If you look closely (I'll buy a better camera as soon as I can,) you should be able to count upwards of 20 different ingredients. I forget how many were in the rice alone, but I do remember some carrot and konyaku being in there. The reason Japanese people are so caught up on this idea is because they believe that even though you can get the same basic nutrients from two different ingredients, i.e. protein from both shrimp and fish cake, receiving those nutrients  from as many different sources as possible is better for you. I concur. If you ask any pro body builder or olympic athlete about this, they'll tell you that their is no shortcut to elite performance. Although there are many successful athletes who use nutritional supplements, they do not substitute them for quality food intake. Check out this link and count the ingredients that were in the most popular dish at the U.S. Olympic Team training center in 2012: Keep in mind, that was just their main dish!

Another way of perceiving the bento is through the concept of balance, or Wa in Japanese. Wa can mean peace, harmony or balance depending on how it's used. If I had to, I could sit here and try to tell you how each and every one of those ingredients in that lunch box relate to one another, but I won't. Ok... I'll do a few. Fish & beef = Land & sea. Sliced fish & Fish cake = Something old & Something new. Or how about how all of the proteins (aside from beef) are all from the ocean. They're all water creatures, yet they can all be classified into different species. To be honest, you can relate anything to anything. But, when taking a look at such a beautifully composed meal, it's hard not to think that there are hundreds of years worth of thought and tradition that help form such a complex, yet simple web of culinary balance and harmony.

And finally:

This is what happens when the bento maker goes to work after a night of drinking. I'm not gonna lie, I really couldn't think of a way to fit this picture into the post and have it make sense. But, I figured I'd toss it in anyway. I call it "Good-fry, Japan." First and foremost, it was good. It was damn good. In addition to that, I rarely eat deep-fried food (for obvious reasons.) So, this will probably be the very last meal of this type that I'll eat during the rest of my time here. Good-fry, Japan. Good-fry.

For those that are curious, the two pieces of saturated fat coated unsaturated fat are tonkatsu and a pork croquette. The tonkatsu (top left) is made from pork loin and the croquette has a ham and potato filling.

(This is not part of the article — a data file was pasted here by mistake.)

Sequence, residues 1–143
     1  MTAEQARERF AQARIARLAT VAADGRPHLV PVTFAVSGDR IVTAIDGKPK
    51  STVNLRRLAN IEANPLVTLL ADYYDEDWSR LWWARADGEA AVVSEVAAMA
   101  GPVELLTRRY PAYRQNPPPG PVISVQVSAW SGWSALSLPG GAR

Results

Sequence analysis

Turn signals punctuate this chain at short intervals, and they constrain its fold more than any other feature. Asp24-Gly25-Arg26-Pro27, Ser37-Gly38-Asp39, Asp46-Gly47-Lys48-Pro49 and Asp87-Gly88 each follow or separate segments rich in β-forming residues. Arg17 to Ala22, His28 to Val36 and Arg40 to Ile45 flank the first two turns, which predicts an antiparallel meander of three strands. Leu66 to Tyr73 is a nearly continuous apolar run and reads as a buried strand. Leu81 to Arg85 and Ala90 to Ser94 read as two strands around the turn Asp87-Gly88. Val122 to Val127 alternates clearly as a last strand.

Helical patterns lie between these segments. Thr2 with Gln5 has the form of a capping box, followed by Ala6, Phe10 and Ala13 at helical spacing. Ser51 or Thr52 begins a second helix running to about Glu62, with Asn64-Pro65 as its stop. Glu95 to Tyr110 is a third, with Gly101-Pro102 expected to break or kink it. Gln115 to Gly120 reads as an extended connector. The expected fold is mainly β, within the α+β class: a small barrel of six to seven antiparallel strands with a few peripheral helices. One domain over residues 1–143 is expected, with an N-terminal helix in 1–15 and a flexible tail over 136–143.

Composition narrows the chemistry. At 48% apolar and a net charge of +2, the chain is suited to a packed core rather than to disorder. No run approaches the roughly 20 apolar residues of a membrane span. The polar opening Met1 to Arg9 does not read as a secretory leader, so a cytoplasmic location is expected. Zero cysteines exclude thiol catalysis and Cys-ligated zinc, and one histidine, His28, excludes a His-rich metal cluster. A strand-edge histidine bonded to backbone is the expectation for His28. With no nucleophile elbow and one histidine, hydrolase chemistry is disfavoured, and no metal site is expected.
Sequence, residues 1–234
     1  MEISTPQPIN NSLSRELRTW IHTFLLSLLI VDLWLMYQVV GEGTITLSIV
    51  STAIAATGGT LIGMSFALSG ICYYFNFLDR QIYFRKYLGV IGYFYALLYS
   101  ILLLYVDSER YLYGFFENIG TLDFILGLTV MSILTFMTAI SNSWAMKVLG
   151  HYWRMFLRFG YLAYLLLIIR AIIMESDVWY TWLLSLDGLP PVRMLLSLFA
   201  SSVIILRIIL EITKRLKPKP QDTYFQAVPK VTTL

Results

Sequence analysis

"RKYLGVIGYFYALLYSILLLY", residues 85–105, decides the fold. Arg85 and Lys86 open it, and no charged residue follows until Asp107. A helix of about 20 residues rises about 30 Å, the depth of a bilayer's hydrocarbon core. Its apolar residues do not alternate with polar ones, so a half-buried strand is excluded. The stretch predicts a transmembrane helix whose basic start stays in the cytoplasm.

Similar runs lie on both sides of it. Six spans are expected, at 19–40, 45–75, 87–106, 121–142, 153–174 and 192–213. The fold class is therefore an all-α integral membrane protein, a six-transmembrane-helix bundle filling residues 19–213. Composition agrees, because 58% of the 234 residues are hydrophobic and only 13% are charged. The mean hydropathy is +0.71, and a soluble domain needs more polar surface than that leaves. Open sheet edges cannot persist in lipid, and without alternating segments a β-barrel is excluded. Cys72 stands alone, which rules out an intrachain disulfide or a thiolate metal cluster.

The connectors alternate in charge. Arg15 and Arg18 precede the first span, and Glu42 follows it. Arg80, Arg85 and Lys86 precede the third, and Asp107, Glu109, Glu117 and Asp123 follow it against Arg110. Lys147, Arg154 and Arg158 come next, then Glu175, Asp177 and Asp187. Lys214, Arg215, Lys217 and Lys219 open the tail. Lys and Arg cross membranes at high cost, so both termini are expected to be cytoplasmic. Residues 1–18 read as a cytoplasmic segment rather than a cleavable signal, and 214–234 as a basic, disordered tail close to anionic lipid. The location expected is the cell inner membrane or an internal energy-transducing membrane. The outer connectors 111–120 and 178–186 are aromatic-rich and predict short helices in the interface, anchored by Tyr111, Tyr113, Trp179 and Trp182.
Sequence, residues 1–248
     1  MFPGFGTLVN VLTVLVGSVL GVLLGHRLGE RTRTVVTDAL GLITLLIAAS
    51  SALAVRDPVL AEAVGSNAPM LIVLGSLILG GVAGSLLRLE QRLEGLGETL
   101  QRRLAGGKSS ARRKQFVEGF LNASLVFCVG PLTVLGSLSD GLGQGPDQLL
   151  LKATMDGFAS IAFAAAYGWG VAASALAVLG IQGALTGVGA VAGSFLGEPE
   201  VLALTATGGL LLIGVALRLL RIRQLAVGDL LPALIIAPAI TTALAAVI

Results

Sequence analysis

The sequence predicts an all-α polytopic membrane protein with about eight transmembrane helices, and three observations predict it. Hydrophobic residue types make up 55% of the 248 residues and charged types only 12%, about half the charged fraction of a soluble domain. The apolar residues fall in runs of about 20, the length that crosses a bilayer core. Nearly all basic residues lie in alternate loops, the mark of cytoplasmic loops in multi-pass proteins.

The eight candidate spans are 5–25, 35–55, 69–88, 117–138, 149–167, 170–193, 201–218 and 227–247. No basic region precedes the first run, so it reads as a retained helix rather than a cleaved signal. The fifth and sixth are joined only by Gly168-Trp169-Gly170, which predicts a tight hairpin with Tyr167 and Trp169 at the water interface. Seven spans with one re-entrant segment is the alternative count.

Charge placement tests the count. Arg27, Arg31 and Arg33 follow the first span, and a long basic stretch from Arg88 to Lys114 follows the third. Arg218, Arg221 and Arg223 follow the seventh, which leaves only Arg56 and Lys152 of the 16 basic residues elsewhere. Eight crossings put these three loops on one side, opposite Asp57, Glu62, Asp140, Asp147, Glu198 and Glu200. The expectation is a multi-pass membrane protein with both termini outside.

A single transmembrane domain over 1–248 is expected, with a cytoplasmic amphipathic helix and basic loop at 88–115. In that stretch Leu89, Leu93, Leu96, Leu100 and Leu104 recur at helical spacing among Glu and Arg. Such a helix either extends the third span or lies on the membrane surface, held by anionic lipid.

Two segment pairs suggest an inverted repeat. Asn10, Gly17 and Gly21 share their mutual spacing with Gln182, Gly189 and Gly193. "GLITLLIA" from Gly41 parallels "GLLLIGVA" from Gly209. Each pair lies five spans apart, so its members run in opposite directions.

Note 1: Tonkatsu shouldn't be confused with tonkotsu (pig bone broth.) My last post featured a tonkotsu ramen dish, so I just wanted to clarify for those who are unfamiliar with Japanese cuisine. Also, I'm completely aware that this meal is by no means healthy. But, since I'll be leaving Japan soon and have recently completed a full marathon, I felt I deserved to loosen up the belt for once. Buen Provecho!

Note 2: I'm aware I've fallen a bit off the tentative posting schedule, but I figured it was better to post my most recent material before posting more details about my trip to China and Thailand. Once I've laid out concrete plans, I'll definitely write about them and let you know what my intentions are. The lack of social media access I'll have for a couple of weeks won't be fun, but I think you guys can survive without me for a while.

Next time on Ten Thousand Bites: Opened jar's long awaited China/Thailand food challenge itinerary!

Friday, March 8, 2013

Palate Cleanser 1: Oodles of Noodles & Automated Service

Konbanwa! (Good evening!) It is now 20 days until my departure and it has been a little while since I've updated this blog. Not much has changed since my last post, but I figured I'd write something new anyway. For those of you who've spent some time in Japan, you may be familiar with this post's contents, so enjoy the pictures. For those of you who haven't, I'd like to tell you a little bit about two things; the vending machine culture in Japan and tonkotsu broth.